The robins always come to that same local park because of 2 crabapples trees that are loaded with very small crabapple fruit. It seems that the fruit has to winter over before it is edible for birds. At any rate, those 2 crabapples trees are the star attraction of that park, so far as the robins are concerned. Last spring, I bought 2 Golden Raindrops crabapple trees for my garden, but they didn’t bear fruit last year. Maybe this year. I bought them for the robins, of course.

But back to the juncos. Last winter (2015-2016), I saw 1 junco on November 20, but it disappeared. December was quite warm last year. I didn’t see juncos again until around January 13, and they stayed until early March.

So, this winter (2016-2017), they arrived on December 12, hopefully to stay. We had a dusting of snow that day, which didn’t last long. The high temp for the day was 34° F.

No such luck. The juncos and all the feeder birds disappeared on December 13 and stayed away for several days. There were feathers on the ground around the feeders. I think they were junco feathers. I suspect a black feral cat that we have observed in the area. Drat. I put fencing around a small red cedar tree that is closest to the feeders, hoping to deprive the cat of its nearest hiding place. The birds can still access their roosts in the red cedar, but maybe the fencing will slow the cat down and give the birds a better chance. I also put hardware cloth around the area below the feeders. All the ground feeders, even the large rock pigeons, go inside the hardware cloth enclosure, but they forage outside the circle as well. I’m thinking of putting another larger circle of fencing around the feeders to encompass more of the feeding area. As I have already said, the fencing doesn’t keep cats out, but it slows them down. At least that’s my working hypothesis.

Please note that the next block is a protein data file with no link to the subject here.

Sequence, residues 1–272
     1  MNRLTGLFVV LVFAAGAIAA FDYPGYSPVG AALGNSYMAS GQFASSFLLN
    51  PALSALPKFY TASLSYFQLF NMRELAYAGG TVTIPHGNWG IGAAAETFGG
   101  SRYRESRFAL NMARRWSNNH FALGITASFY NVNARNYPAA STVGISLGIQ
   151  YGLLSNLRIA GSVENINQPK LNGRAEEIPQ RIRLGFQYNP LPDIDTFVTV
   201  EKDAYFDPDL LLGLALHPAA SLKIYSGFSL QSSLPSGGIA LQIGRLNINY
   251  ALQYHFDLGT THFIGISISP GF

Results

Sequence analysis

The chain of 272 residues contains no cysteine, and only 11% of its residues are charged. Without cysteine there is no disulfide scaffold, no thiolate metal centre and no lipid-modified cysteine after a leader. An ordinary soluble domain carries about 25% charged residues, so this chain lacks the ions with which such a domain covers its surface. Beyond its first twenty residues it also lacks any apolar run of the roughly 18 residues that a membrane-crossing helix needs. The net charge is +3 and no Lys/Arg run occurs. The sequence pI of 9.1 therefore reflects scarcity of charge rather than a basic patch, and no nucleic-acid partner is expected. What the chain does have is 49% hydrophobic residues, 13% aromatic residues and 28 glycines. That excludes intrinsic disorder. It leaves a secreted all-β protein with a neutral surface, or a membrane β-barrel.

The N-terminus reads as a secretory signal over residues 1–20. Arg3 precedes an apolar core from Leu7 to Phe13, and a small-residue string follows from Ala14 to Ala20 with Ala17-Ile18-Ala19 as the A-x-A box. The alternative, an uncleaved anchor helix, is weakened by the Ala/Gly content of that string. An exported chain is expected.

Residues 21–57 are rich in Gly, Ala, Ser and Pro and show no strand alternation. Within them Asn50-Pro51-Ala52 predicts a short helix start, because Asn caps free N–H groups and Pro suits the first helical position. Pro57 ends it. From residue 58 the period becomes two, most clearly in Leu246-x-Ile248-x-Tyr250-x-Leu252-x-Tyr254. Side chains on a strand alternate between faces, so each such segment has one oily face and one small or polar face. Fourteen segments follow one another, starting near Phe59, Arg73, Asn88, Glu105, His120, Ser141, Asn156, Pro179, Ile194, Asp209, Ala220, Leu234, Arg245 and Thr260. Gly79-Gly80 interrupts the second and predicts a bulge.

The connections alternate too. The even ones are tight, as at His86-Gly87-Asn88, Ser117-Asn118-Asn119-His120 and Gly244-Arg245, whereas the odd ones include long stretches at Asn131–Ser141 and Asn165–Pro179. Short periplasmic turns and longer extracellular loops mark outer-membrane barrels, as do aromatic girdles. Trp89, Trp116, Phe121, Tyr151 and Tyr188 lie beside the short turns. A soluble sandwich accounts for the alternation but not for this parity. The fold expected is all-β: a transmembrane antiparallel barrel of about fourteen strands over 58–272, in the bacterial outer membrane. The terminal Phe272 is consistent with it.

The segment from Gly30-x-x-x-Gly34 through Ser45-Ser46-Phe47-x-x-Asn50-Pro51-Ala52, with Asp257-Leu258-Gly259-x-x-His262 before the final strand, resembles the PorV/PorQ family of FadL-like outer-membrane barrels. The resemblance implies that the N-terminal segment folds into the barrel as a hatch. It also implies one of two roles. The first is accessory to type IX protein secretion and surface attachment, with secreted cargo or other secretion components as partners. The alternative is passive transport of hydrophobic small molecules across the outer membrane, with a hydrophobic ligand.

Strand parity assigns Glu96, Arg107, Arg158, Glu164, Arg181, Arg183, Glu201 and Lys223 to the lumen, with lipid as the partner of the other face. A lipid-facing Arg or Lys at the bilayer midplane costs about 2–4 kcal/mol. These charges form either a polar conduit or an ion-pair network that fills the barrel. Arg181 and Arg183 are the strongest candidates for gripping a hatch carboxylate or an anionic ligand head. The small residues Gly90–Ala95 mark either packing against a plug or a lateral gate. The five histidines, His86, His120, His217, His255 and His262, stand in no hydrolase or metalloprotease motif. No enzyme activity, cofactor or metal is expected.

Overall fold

By December 17, in another light snowstorm, the dark-eyed juncos were back. It’s hard to say what makes them come and go in winter. Perhaps predators, or the weather, or better shelter and food in other nearby areas. Above are some photos of the returning juncos. I’ve counted as many as 10 around the feeders at a time. I always laugh when I see those white bellies and stick legs.


The above photo of a junco shows a little of the environment around the feeders. A hemlock in the background. A river birch branch in the foreground. To the right and out of the photo is the small red cedar as well as several large hemlocks and a dogwood. A small neighborhood park is in back of this area.


Other feeder birds came back as well. Above are house finches and a male downy woodpecker on December 17. Chickadees, tufted titmice, and white-breasted nuthatches came back as well. I’m happy about that.

On December 18, a warm front moved in with rain melting the snow, producing a wonderful fog. A flock of blackbirds came to the feeders. Above are photos of common grackles (Quiscalus quiscula) that made up most of the flock. They do look rather ominous in the fog with their otherworldly gold eyes, don’t you think. After eating everything available under the feeders, they were gone.